This pain is not ours

by Azad Alik

What we need is justice, not compassion

Serhat Uyurkulak

I’m thankful that I haven’t witnessed as many deaths close by. But in most visits of condolence, I came across a similar scene. As the suffering had soared up to an almost tangible degree, someone would suddenly burst into tears and moan that they so wanted to bring the deceased back from the tomb to the extent of declaring a willingness to go into the grave instead. Under the gaze of the surprised family members, people would secretly ask each other who that person might be. And, often, it would turn out that the ‘grief-thief’ was someone who had pangs of conscience for they would feel indebted to the deceased in one way or the other. The strangest thing would be the family’s almost forgetting their own grief to make grief-thief feel better. The real torment would begin when it befell on them to console that person with ill conscience. 

I do wish to be a person without a blemish on my conscience and life, and I try to do my best to live like one. Being persons with ‘clear consciences’ was an expression in the declaration of the ‘This Pain is Ours’ initiative that more frequently appeared on social and other media as April 24th drew near. The declaration claimed that what had been done to the Armenians who were Ottoman subjects in 1915 must be called a crime against humanity. Moreover, the authors called all of us who were ‘united on the basis of the fundamental values of humanity’ to declare that 1915 was the ‘common pain’ of each and every person living inTurkey.  

One wonders whether the road to hell really is paved with stones of good will. For instance, I’m not exactly sure what kind of a response I’d get from Armenians had I told them with the intention to be a person with a clear conscience that I take what they lived in 1915 as my own pain too. I’m not sure because I know that I belong in a ‘constitutive element’ that has been privileged by a republic which has chosen to espouse the polity that carried out the genocide (call it the forced exile or the Great Catastrophe if you like) rather than severing its ties with it. Even though I don’t see myself as such, this is who I am historically and structurally.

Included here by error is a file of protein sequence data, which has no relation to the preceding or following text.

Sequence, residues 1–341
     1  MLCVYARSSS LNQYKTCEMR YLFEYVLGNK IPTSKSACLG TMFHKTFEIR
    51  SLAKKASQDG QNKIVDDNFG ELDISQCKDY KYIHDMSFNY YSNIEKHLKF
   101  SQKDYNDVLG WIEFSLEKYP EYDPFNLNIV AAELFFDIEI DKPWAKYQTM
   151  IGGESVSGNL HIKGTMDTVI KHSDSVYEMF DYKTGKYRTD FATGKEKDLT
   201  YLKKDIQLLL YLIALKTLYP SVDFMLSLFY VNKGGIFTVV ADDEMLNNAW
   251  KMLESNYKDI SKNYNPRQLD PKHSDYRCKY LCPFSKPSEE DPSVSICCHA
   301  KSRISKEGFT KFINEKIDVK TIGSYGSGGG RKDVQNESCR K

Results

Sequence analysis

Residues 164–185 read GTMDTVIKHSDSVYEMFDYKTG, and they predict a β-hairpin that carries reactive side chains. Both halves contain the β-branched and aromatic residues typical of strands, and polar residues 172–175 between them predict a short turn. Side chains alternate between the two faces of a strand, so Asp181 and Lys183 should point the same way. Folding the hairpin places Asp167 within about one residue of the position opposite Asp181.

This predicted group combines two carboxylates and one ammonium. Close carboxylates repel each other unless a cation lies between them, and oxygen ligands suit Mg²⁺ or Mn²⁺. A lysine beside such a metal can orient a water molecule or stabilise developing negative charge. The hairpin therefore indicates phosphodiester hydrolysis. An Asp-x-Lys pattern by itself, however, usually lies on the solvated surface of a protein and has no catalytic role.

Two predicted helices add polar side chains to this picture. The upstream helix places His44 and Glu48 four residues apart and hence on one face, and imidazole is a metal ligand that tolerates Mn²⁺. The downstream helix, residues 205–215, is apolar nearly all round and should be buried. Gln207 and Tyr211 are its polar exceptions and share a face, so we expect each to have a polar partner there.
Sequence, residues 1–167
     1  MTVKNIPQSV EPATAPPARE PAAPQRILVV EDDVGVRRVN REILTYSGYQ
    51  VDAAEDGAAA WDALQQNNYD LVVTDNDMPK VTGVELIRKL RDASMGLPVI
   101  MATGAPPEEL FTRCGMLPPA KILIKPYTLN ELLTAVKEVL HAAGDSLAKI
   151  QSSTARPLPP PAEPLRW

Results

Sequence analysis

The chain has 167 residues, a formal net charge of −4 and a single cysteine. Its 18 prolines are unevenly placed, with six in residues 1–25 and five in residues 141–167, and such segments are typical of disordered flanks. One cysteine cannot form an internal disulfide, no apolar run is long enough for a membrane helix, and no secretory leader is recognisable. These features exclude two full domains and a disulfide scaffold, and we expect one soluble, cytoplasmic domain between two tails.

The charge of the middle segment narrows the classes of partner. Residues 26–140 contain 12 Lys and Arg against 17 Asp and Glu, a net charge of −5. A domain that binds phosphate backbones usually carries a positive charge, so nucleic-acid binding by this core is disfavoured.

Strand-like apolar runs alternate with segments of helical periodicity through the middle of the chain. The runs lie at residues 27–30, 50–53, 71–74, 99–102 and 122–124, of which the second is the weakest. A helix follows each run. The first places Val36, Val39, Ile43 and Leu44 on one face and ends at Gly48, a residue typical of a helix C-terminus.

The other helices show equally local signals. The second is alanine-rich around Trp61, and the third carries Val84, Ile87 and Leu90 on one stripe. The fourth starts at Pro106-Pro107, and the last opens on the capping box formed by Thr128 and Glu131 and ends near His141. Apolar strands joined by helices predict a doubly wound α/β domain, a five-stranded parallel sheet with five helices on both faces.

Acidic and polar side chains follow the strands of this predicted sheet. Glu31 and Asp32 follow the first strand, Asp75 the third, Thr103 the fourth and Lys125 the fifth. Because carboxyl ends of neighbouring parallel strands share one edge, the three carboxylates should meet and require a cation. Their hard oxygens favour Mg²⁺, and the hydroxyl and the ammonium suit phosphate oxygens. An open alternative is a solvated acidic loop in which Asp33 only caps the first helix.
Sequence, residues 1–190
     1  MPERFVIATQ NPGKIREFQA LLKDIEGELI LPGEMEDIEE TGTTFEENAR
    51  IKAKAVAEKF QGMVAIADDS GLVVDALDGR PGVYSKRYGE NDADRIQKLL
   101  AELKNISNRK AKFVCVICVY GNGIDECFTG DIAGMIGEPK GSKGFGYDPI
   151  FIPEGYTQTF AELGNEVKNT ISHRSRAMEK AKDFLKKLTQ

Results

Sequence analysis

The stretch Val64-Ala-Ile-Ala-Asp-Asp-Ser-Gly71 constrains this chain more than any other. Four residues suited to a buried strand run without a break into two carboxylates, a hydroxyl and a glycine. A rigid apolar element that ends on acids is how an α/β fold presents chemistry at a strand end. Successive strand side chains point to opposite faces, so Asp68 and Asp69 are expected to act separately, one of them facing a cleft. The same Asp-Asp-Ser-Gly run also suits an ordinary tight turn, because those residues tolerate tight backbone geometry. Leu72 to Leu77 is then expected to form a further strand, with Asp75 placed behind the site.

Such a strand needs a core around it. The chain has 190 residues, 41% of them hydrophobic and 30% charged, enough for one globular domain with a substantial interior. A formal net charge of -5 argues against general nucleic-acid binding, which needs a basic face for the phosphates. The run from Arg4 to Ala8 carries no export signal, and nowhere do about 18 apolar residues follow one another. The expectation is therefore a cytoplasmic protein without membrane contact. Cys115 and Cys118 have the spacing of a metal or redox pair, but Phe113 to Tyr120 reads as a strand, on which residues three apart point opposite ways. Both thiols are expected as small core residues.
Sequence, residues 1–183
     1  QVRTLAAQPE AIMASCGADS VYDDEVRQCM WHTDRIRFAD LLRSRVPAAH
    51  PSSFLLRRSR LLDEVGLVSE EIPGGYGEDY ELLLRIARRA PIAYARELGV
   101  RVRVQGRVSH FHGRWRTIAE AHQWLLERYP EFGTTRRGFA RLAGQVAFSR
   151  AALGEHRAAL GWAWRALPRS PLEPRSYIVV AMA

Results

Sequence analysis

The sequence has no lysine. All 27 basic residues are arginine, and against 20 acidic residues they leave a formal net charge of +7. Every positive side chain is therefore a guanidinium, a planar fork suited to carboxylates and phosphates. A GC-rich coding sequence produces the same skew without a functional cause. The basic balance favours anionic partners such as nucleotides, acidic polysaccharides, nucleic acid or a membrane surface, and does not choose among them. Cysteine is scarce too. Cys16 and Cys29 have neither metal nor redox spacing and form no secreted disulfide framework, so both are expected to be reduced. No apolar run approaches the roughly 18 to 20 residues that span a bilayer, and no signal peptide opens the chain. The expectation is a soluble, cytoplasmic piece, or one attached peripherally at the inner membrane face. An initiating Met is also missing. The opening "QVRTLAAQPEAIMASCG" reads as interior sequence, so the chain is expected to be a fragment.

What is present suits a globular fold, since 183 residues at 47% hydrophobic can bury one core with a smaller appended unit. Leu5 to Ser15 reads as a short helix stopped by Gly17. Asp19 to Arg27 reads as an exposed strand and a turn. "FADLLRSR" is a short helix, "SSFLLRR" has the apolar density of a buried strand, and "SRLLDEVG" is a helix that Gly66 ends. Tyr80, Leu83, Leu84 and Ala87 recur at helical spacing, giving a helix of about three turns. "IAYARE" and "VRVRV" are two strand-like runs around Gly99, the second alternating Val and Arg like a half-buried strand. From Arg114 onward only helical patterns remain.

Doubtless, it’s very hard to accept the situation as is, but sometimes facts override intentions. No matter how keenly do we think that we are radically different from the ruling elites and even the ordinary people of the 1915 period, this doesn’t change much in the picture. Besides, regardless of how peaceful and sharing, individual good-will and conscience cannot solve the main problem where peace and collaboration can be achieved only through justice. Beyond intentions, it’s necessary to recognize what happened and justice served. Unfortunately, the compassion of good-willed people that means little more than petting the back of the ‘other’ cannot replace real justice.

In this country resembling a gigantic wake-house, the victims are expected to console and comfort everyone else, especially those with ill conscience. That’s precisely the reason why I cannot help but say that this pain doesn’t belong to all of us but the Armenians. I don’t think that saying so would make a person heartless or inhuman. On the contrary, I believe that it’s more humane not to appropriate even the suffering of those who have been wiped off the face of the country I’m a citizen of and whose properties I’ve been using, whose houses I’ve been living in, and whose wealth I’ve been taking advantage of even if structurally speaking. What is needed is not that fashionable sentiment called empathy but to assume the responsibility of what happened and to work for justice despite this may be hard or even unbearable to admit. Finally, if 1915 has been our common suffering all along, why did we wait to feel and declare it so until Hrant Dink was assassinated? I really wonder why.

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